Do you live in one of the largest metropolitan areas in the U.S.? If so, there's a decent chance you can't afford a new car, according to a report by Interest.com, a consumer financial information website. It concludes that out of the nation's 25 largest metro areas, a median-income household can only afford an average-priced new vehicle in just one of them: Washington, D.C. The analysis considered three key factors: a 20% down payment; financing for no longer than four years; and principal, interest and insurance totaling no more than 10% of a household's gross income.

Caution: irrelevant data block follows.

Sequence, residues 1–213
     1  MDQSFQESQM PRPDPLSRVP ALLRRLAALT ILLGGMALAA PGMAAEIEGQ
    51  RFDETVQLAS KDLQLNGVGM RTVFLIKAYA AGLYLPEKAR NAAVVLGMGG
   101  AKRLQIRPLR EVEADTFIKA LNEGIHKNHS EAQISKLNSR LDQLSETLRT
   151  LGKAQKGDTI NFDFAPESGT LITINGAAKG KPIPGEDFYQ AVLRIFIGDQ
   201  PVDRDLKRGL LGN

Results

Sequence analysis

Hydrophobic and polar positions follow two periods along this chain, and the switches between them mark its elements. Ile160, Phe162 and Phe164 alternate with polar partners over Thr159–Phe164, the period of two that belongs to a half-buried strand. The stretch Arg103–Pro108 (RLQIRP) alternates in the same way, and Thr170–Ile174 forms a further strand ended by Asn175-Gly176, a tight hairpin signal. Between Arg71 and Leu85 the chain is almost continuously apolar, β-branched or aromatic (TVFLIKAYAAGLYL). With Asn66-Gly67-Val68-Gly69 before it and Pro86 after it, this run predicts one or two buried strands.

"What this research indicates, more than anything, is that a lot of Americans are spending too much money on their cars," said Mike Sante, Interest.com managing editor, in a news release. "Car costs are one of the most controllable parts of a household's budget. … You're better off driving something more affordable and saving or investing the difference."
Assuming an average purchase price of $30,550 and a monthly payment of $601, the median income of our nation's capital afforded its residents a $628 monthly payment. San Francisco and Boston came closer than most, but still fell short with $537 and $507, respectively.